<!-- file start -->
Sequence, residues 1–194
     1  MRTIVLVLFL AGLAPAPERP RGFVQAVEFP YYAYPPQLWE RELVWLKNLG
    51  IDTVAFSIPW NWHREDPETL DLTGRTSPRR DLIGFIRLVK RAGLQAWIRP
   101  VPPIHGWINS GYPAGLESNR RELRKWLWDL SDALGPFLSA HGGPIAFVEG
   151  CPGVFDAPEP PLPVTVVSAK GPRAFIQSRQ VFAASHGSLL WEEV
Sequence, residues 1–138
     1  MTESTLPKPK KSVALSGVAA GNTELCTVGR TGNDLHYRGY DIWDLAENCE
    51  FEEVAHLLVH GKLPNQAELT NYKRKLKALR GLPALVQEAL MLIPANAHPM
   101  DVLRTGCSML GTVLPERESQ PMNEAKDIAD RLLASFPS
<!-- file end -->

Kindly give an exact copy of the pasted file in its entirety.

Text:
Sequence, residues 1–194
     1  MRTIVLVLFL AGLAPAPERP RGFVQAVEFP YYAYPPQLWE RELVWLKNLG
    51  IDTVAFSIPW NWHREDPETL DLTGRTSPRR DLIGFIRLVK RAGLQAWIRP
   101  VPPIHGWINS GYPAGLESNR RELRKWLWDL SDALGPFLSA HGGPIAFVEG
   151  CPGVFDAPEP PLPVTVVSAK GPRAFIQSRQ VFAASHGSLL WEEV
Sequence, residues 1–138
     1  MTESTLPKPK KSVALSGVAA GNTELCTVGR TGNDLHYRGY DIWDLAENCE
    51  FEEVAHLLVH GKLPNQAELT NYKRKLKALR GLPALVQEAL MLIPANAHPM
   101  DVLRTGCSML GTVLPERESQ PMNEAKDIAD RLLASFPS